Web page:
ANCHORAGE (AP) -- Alaska isn't fully prepared for terrorist attacks, but the state will probably never see a major hit, according to Maj. Gen. Phillip Oates, head of Alaska National Guard and the state's emergency preparedness division.
The private sector has an important role to play in emergency prevention and response, Oates said Monday.
Oates said the threat of a terrorist attack is real, but added that considerable federal resources have been marshaled to improve security.
No nation is wealthy enough to be fully prepared, Oates said at an Anchorage Chamber of Commerce luncheon. The idea is to be as prepared as possible, prioritizing where to put limited resources and striking a balance between safety and economics, security and liberty.
For example, Oates said, the entire 800-mile trans-Alaska oil pipeline can't be protected. But the most vulnerable spots can be protected and repair plans can be developed for exposed areas.
Oates encouraged businesses to adopt a similar strategy, noting that 90 percent of critical infrastructure -- from hospitals to telecommunications to cargo transportation -- is privately owned.
To help the government work with businesses, the state will add a new deputy commissioner under Oates in the Department of Military and Veterans Affairs. Oates said the position will link different sides of the security balancing act:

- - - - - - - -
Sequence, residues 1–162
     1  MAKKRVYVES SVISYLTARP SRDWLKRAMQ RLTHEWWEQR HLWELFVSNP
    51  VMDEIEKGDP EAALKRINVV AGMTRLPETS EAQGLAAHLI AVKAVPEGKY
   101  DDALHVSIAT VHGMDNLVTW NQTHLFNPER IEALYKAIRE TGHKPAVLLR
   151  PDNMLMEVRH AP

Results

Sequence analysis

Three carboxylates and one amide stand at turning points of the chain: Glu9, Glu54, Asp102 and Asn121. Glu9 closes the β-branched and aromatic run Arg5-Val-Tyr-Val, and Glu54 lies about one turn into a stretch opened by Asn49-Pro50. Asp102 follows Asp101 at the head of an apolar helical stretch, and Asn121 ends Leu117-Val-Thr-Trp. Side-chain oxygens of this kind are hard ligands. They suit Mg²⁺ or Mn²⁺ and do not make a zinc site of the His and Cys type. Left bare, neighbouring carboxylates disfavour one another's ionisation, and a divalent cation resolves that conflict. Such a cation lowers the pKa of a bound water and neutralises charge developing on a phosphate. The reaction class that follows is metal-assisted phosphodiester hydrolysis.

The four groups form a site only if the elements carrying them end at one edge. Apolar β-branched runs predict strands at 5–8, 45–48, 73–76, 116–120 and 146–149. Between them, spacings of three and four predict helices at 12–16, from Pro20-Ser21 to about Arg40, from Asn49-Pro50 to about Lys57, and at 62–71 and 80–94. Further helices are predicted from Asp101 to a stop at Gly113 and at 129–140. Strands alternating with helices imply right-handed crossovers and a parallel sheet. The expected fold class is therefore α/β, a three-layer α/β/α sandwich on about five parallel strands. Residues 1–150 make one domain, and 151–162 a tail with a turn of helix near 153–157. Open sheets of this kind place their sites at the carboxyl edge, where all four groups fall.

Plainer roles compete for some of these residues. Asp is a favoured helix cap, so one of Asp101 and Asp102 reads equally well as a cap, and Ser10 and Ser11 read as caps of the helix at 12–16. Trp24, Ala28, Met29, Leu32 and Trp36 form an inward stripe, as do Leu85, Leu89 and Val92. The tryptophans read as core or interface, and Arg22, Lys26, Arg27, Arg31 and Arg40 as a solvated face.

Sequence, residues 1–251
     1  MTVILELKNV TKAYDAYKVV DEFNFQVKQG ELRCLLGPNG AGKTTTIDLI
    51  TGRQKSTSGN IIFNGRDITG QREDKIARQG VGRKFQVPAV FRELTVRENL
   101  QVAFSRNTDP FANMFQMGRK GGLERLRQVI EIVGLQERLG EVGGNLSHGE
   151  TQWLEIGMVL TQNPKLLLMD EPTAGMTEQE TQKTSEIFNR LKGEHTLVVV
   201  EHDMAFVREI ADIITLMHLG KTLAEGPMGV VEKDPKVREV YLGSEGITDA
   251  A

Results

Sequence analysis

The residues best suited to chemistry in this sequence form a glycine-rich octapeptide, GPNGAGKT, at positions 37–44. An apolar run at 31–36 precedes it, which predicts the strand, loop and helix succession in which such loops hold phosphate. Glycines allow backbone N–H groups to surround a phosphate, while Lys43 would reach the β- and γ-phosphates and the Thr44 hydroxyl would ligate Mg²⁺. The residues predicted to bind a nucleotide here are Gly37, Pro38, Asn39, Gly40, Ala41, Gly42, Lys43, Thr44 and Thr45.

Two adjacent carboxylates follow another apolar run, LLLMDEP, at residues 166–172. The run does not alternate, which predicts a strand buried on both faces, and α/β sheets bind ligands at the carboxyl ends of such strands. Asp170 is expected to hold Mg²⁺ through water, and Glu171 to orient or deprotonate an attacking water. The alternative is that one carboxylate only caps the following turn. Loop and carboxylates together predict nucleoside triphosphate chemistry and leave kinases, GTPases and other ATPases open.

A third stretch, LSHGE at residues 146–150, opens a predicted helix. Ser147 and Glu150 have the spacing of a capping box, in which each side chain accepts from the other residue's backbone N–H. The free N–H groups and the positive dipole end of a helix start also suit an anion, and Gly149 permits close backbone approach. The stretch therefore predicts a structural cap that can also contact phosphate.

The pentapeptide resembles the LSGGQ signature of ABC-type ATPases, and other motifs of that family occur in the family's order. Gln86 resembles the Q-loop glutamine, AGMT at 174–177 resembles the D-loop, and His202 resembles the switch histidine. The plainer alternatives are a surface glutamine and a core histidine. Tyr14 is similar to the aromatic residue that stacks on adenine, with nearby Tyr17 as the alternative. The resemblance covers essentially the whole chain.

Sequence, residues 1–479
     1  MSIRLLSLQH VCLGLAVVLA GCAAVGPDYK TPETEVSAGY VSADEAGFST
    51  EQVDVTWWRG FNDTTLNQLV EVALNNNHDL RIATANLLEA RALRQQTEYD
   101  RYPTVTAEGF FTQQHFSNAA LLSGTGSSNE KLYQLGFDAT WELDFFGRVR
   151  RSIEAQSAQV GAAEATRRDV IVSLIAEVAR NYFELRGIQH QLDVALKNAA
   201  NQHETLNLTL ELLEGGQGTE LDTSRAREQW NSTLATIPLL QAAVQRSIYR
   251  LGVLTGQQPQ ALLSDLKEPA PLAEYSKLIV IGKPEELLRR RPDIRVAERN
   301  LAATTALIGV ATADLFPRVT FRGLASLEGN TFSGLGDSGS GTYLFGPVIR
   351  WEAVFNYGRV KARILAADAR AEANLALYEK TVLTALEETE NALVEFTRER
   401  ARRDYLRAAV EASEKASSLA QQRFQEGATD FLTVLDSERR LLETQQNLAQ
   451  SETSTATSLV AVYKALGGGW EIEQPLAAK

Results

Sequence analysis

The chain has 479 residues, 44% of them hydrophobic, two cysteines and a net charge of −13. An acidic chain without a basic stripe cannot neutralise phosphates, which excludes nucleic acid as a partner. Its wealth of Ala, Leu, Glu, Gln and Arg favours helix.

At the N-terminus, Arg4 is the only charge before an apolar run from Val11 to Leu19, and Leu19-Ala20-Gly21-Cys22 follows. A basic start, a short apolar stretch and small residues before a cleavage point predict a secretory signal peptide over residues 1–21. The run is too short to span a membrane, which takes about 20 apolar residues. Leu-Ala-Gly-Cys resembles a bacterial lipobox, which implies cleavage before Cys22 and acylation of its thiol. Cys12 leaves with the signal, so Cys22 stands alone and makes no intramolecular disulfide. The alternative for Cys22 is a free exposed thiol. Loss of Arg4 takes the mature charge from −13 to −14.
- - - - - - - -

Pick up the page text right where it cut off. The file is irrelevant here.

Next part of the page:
-- The financial sector might have insights on electronic security.
-- Hospitals and pharmacies, not the government, will hold medical stockpiles.
-- Alaska businesses have the opportunity to apply for federal grants and contracts related to homeland security.
-- Cargo entering the Port of Anchorage must be examined to some extent but if security were too tight, the strain might close some businesses, Oates said.
''You could virtually shut down U.S. commerce if you decided the contents of every container needed to be visually inspected,'' said Eric Britten, spokesman for shipping company CSX Lines and master of ceremonies for the Chamber luncheon.
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